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Is the Multiverse real? Two astrophysicists debate

Is the multiverse real? It's one of the hottest questions in all of theoretical physics. We invited two astrophysicists to join the debate.
is the multiverse real
Credit: Kai Dahms / Unsplash
Key Takeaways
  • Astrophysicist (and Starts with a Bang columnist) Ethan Siegel argues that the Multiverse exists and is simply a matter of logical deduction based on solid theory.
  • Astrophysicist (and 13.8 columnist) Adam Frank disagrees, arguing that accepting the existence of a Multiverse comes with a strange cost — namely, believing that there are an infinite number of Universes that we can never detect.
  • Who do you think has the stronger argument?

Here at Big Think, we are incredibly lucky to have some of the greatest minds writing about the biggest questions in the Universe. In this case, the question is even bigger than the Universe.

We invited two astrophysicists Dr. Ethan Siegel (Starts with a Bang columnist) and Dr. Adam Frank (13.8 columnist) to engage in a debate over one of the hottest topics in astrophysics: Is the Multiverse real?

Ethan’s argument: Yes, the multiverse is real

Cosmic inflation and quantum field theory both describe the Universe. Cosmic inflation, first put forth in 1980, tells us what the Universe was like prior to the hot Big Bang in order to set it up with the conditions that we observe. Put simply, it states that before the Universe was filled with matter and radiation, it was filled with some sort of energy that was inherent to the fabric of space itself, which caused the Universe to expand in a relentless, exponential fashion. Then, at some point, inflation ended, transitioning that “energy inherent to space” into particles and giving rise to the hot Big Bang. 

Because the Universe is inherently quantum in nature, that means we should expect that whatever inflation is, it has a nature that is consistent with quantum field theory — our best and most powerful description of the Universe of particles. All the things that come along with quantum physics, like Heisenberg uncertainty and the existence of quantum fluctuations, must apply to inflation as well. 

So, what happens when you put inflation and quantum field theory together? You get a series of predictions, many of which have been borne out by observations. Inflation is now widely regarded as the origin of our Universe, and those observations narrow down which classes of inflationary models remain viable. Accepting cosmic inflation and quantum field theory is the scientific consensus right now, meaning it can be considered our “starting point” upon which we build. 

If cosmic inflation and quantum field theory are both correct, then the Multiverse arises as an inevitable consequence of the two, combined. The easiest way to picture inflation is that it’s a ball at the top of a very flat plateau. The ball can roll slowly in any direction, but so long as it remains atop the plateau, inflation continues. It is only when the ball rolls off the plateau and into the valley below that inflation comes to an end, transitioning into a Universe dominated by particles: matter and radiation, which signifies the start of the hot Big Bang. 

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So where does the Multiverse come from? 

One of the properties of quantum physics is that the position of a particle at any given time isn’t deterministic but follows a probability distribution. Moreover, the wavefunction that describes that probability distribution spreads out over time. You can visualize this, instead of as a ball, as the ripples generated by a ball dropped into a pond. 

Now, here’s where it gets interesting: We have two things competing against one another. On the one hand, we have the speed of the rolling ball, and on the other hand, we have the speed of the ripples that propagate outward. If the ball rolls faster than the ripples propagate, inflation can end everywhere at once, and there will only be one Universe — bigger than the observable Universe that we can see, but still finite in size and all connected.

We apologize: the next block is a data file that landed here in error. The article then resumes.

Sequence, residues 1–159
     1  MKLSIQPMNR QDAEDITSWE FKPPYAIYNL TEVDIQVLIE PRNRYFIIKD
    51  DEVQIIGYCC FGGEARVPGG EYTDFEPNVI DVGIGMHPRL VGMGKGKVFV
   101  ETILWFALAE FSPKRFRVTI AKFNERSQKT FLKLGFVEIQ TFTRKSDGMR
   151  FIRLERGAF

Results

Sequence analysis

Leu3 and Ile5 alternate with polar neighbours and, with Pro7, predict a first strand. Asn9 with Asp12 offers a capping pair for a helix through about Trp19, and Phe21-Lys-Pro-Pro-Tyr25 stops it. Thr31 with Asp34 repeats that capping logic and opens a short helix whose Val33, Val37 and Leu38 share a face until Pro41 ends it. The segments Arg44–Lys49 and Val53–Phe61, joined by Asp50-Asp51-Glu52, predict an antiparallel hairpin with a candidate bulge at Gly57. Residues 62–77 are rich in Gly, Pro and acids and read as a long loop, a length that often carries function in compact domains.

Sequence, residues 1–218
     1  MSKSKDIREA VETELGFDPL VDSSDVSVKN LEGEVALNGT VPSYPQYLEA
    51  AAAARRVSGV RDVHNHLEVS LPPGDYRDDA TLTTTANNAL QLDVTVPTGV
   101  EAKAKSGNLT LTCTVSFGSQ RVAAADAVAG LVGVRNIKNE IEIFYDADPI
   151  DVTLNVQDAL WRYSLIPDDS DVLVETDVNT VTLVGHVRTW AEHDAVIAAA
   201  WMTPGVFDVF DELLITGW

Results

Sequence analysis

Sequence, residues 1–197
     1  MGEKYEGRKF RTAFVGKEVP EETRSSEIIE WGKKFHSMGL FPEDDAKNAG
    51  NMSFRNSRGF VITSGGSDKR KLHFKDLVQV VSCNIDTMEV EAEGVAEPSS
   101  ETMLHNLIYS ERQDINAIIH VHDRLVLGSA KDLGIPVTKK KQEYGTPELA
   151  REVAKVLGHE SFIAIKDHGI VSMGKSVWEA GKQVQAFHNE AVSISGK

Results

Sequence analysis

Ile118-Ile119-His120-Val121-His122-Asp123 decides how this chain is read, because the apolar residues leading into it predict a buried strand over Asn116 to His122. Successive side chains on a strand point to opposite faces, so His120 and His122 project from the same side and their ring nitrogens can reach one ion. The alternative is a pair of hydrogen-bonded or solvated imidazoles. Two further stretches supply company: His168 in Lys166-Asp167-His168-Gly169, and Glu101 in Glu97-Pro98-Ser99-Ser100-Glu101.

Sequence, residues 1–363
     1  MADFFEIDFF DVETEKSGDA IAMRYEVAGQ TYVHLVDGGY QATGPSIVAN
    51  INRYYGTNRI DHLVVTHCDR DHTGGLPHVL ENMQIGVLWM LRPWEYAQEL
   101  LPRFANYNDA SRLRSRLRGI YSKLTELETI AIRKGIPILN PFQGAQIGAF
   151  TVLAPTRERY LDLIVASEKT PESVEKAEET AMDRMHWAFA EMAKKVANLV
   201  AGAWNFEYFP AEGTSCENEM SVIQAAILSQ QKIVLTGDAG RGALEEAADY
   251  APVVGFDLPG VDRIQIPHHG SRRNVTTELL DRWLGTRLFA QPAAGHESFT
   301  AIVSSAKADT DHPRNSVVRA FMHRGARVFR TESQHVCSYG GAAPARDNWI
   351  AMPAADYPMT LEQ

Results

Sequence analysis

But if the ripples propagate faster than the ball rolls, then you will have regions where the ripples “fall off” the plateau, and in those regions, you get a hot Big Bang. But, you will also have regions where the ripples take you closer to the center of the plateau, and in those regions, inflation continues. What you wind up with, in this latter scenario, are regions where inflation ends and you get a hot Big Bang, but separated by regions where inflation continues for longer. As time goes on, you will get more and more regions where inflation ends and the hot Big Bang ensues, but also evermore regions where inflation continues. 

Those regions of space where inflation end and the hot Big Bang begins are each their own, independent Universe, and together, they make up a Multiverse. We may not be able to measure these other Universes, at least not just yet, but there’s every reason to expect that if inflation and quantum field theory are both correct, then the Multiverse inevitably exists.

Adam’s rebuttal: No, the multiverse is not real

Ethan does a great job of summarizing both inflation and its connection to the Multiverse. So, a good place to start is to note that in my original piece, I was criticizing the idea of the Multiverse but not, necessarily, inflationary cosmology. There are reasons why positing a brief period of expansion-on-steroids (that is, inflation) can be useful. The problem comes if the only way you can make it work is adding an infinite number of observable Universes.

It is important, from my viewpoint, to understand what is happening with inflation theory — because it is not really a theory the way, say, electromagnetism or quantum mechanics is. It is not what I would call a theory with a capitol “T,” featuring endless points of experimental verification such that its true form has been nailed down and locked tight.

Instead, it is a class of theories with lots of wiggle room for individual instantiations. That wiggle room has led to many discussions about the ability of the theory to ever be falsifiable because, no matter what new data is gathered, there will always be a version of it that can be designed to slip through the new constraint. (I note there are also discussions about the continued need for “fine tuning” with inflation theory.)

Inflation does have a few places where it is consistent with observations like the spectrum of perturbations that get propagated forward in time to become large-scale cosmic structure. That is indeed very good. But it is a far cry from the kind of validation we have of, say, the Standard Model of Particle Physics, which has been verified six ways to Sunday.